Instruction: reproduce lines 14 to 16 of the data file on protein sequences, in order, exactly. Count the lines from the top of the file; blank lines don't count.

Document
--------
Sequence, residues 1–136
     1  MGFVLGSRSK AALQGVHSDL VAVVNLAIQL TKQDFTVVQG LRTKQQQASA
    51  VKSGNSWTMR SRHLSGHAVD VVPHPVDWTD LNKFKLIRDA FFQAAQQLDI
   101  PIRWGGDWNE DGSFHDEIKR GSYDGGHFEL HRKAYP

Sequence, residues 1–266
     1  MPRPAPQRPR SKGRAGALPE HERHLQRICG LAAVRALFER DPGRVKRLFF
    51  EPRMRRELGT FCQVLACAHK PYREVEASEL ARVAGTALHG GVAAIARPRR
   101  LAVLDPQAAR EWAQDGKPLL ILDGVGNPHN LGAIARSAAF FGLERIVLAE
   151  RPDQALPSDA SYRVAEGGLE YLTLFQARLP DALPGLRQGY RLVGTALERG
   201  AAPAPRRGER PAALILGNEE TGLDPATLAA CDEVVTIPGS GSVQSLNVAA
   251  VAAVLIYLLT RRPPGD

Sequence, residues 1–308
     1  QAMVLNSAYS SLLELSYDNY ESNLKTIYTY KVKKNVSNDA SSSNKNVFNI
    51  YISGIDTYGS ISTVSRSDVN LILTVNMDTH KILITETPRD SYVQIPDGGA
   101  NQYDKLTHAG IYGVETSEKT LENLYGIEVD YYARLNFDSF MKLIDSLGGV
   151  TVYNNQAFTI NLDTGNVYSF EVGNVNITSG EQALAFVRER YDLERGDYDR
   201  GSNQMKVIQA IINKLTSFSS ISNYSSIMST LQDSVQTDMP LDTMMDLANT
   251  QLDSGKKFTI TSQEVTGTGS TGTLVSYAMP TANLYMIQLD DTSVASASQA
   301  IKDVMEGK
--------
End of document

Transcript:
    51  YISGIDTYGS ISTVSRSDVN LILTVNMDTH KILITETPRD SYVQIPDGGA
   101  NQYDKLTHAG IYGVETSEKT LENLYGIEVD YYARLNFDSF MKLIDSLGGV
   151  TVYNNQAFTI NLDTGNVYSF EVGNVNITSG EQALAFVRER YDLERGDYDR